Written by Tanguy Lepesant. Studies show that Taiwanese youths believe their quality of life as adults will be worse than their parents’ and that they are victims of “generational injustice”. They believe they have been deprived of their “right to a good quality of life” by their elders whom benefited from Taiwan’s economic miracle and accumulated wealth at the expense of environmental protection.
Written by J. Michael Cole. With Taiwan’s election campaign shifting into high gear, an escalating campaign of intimidation by one camp and a media consortium that backs its candidate threatens to seriously undermine the ability of journalists and political commentators, both local and foreign, to do their work. By doing so, that camp is hoping to impose its discourse on the process and to limit, if not silence outright, any criticism of its candidate and the proxies that are aligned with it.
Written by Najee Woods (葉正忠). 23.5 million Taiwanese citizens have been neglected by WHO since being expelled from the United Nations in the early 1970s. Since the late 1990s, Taiwan has attempted on numerous occasions to gain observer status within WHO, but requests were not considered in the WHA agenda. Taiwan does not have the same privileges that other WHO member-states enjoy, such as access to information on the latest outbreaks and epidemics. The lack of access to WHO databases detrimentally affects the Taiwanese population and further creates a blind spot for potential diseases to spread throughout the entire global network.
Written by Chiung. The political conflict between China and Taiwan has existed since 1949. The current government of China, officially called the People’s Republic of China, has been established since 1949. On the other hand, the government of Taiwan, officially the Republic of China, was established by Sun Yat-Sen in 1912. In fact, both countries originated in Mainland China. However, after the Chinese Civil War (1927 to 1950), the China government was split into two parts led by two political parties, the Kuomintang of China and the Communist Party of China. The Kuomintang retreated to Taiwan, and the the Communist Party founded the People’s Republic of China.
Written by Marc Howard. Taiwan is a hotbed for tech start-ups focusing on block-chain, Artificial Intelligence (AI) and the Internet of Things. It hosts a proliferation of major start-up accelerators and incubators, including start-up super-hubs like Taiwan Tech Arena, which will spawn 100 start-ups per year and expedite the overseas expansion of 300 start-ups over the next three years.
Written by Najee Woods. There’s also confusion among the Taiwanese public as to what the 1992 Consensus actually means. According to the Global Taiwan Institute, one-third of the Taiwanese population believes the consensus implies both sides of the Taiwan Strait are separate countries. After newly elected KMT Mayors Han Kuo-Yu and Lu Shiow-yen affirmed their support for the 1992 Consensus, searches about the consensus from both Kaohsiung and Taichung voters on Google skyrocketed.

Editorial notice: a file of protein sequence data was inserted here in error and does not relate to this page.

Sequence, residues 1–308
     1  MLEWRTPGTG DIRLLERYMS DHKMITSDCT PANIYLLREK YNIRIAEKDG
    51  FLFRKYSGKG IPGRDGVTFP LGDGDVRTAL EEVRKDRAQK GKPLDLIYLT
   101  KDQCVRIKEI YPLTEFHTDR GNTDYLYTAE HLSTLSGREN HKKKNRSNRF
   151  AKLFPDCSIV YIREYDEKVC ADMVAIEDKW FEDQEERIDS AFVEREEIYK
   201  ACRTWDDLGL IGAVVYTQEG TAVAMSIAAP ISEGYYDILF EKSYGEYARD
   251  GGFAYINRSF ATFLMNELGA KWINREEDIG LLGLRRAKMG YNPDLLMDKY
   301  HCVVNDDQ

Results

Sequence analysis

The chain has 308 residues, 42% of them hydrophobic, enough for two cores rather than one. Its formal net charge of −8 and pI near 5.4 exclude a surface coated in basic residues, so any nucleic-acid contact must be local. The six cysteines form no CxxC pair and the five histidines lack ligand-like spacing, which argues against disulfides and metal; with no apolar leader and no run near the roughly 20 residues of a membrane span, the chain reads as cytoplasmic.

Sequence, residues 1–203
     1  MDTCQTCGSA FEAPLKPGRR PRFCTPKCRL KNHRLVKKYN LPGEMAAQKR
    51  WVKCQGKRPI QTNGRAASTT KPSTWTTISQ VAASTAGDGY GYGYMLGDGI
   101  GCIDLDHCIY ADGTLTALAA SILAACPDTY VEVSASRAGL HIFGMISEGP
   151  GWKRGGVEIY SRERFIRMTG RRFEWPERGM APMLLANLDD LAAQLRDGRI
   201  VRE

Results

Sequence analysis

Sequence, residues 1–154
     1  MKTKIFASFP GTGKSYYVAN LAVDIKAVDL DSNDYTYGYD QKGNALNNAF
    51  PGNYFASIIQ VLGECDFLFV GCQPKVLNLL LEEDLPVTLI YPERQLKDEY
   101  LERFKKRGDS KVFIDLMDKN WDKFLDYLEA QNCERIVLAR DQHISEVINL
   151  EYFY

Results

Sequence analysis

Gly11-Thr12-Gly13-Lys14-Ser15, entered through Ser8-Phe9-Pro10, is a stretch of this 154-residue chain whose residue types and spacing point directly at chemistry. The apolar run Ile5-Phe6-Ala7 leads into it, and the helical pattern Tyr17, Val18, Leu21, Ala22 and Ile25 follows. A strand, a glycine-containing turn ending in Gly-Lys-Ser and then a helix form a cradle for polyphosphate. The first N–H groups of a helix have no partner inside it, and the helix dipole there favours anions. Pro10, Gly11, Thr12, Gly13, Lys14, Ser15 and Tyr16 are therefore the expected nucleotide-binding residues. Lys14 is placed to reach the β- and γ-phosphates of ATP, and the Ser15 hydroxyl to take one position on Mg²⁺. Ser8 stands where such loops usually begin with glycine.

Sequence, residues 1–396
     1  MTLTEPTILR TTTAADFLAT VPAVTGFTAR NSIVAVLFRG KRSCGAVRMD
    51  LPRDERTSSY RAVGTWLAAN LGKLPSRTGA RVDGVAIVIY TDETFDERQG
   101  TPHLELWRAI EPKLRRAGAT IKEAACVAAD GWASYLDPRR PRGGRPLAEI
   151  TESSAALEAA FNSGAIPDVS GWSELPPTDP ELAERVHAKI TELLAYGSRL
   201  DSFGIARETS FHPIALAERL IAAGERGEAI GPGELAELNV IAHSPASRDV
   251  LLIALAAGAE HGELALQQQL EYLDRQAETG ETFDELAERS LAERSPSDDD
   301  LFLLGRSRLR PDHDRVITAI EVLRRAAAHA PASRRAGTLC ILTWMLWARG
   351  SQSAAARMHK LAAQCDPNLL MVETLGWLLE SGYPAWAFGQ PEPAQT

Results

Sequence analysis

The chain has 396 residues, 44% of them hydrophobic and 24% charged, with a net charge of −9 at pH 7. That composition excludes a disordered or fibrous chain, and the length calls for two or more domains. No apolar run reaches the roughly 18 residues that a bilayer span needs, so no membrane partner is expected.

Written by Hou-ying Li. After five years of voluntary work, organising over 50 volunteers, continuously publishing 2-3 articles per week, and 50k online visits per month with 35k Facebook fans, Insight-Post (洞見國際事務評論網) was finally fully self-funded and committed to making Taiwan see the world.
Written by Adrian Chiu. Since Taiwan’s Sunflower Movement and Hong Kong’s Umbrella Movement in 2014, the two have shared ever-increasing sentiment against the Beijing government. Social movement activists have interacted with each other more frequently, although many Taiwanese activists were refused Hong Kong entry visas. Such interactions have not only strengthened their respective opposition and mistrust towards China, but also a sense of ‘community of shared destiny’ between Hong Kong and Taiwan
Written by Andreas Sierek. Taiwanese cherish their country’s independence, democratic government, protected human rights and personal freedoms. But they also highly value wealth and prosperity. Unfortunately, a majority may become convinced that these values are mutually exclusive and, in the face of the PRC’s demands, choose wealth over freedom.
Written by John F. Copper. Could it be that President Tsai’s favourable image improved so dramatically from January to June? It is hard to believe that it did.
Did the DPP leadership manipulate the polls to favor President Tsai? That seems so. Taiwan had never experienced a standing president being challenged in a primary election for a party’s nomination. It would have been traumatic for the party if William Lai had been chosen. Also, his nomination would have imperiled relations with China and the United States.
Written by Mark Wenyi Lai. Ko has seized swing voters from the KMT’s pocket and pushed KMT to the far-right. The stronger this far-right narrative becomes, the greater the swing to pan-green votes. Thus, the weaker the KMT becomes, the more likely that Ko will join the race. The more Ko believes he will win, the more likely that pan-green voters will side with Tsai.
Written by Dongtao Qi. Since the DPP was trounced by the KMT in the November 2018 nine-in-one local elections, most public opinion polls found that compared to other possible presidential candidates, popular support for president Tsai in the lead up to the 2020 presidential election was consistently the lowest. However, about six months before the 2020 presidential election, many polls showed a surprising turn…